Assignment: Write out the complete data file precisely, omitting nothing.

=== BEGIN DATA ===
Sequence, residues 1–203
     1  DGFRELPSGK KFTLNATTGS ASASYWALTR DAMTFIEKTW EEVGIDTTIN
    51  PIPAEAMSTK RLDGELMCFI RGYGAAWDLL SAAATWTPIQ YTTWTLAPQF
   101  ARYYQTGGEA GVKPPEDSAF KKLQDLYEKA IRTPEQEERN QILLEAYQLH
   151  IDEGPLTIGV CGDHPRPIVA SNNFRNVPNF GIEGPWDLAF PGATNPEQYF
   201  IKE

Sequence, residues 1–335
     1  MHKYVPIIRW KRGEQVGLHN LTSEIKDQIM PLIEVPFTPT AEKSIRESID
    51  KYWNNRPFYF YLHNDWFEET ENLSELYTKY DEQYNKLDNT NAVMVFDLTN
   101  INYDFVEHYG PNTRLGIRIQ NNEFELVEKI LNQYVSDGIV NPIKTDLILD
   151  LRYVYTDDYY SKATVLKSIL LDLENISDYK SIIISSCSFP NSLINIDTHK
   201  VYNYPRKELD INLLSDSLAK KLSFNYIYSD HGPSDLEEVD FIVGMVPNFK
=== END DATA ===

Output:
Sequence, residues 1–203
     1  DGFRELPSGK KFTLNATTGS ASASYWALTR DAMTFIEKTW EEVGIDTTIN
    51  PIPAEAMSTK RLDGELMCFI RGYGAAWDLL SAAATWTPIQ YTTWTLAPQF
   101  ARYYQTGGEA GVKPPEDSAF KKLQDLYEKA IRTPEQEERN QILLEAYQLH
   151  IDEGPLTIGV CGDHPRPIVA SNNFRNVPNF GIEGPWDLAF PGATNPEQYF
   201  IKE

Sequence, residues 1–335
     1  MHKYVPIIRW KRGEQVGLHN LTSEIKDQIM PLIEVPFTPT AEKSIRESID
    51  KYWNNRPFYF YLHNDWFEET ENLSELYTKY DEQYNKLDNT NAVMVFDLTN
   101  INYDFVEHYG PNTRLGIRIQ NNEFELVEKI LNQYVSDGIV NPIKTDLILD
   151  LRYVYTDDYY SKATVLKSIL LDLENISDYK SIIISSCSFP NSLINIDTHK
   201  VYNYPRKELD INLLSDSLAK KLSFNYIYSD HGPSDLEEVD FIVGMVPNFK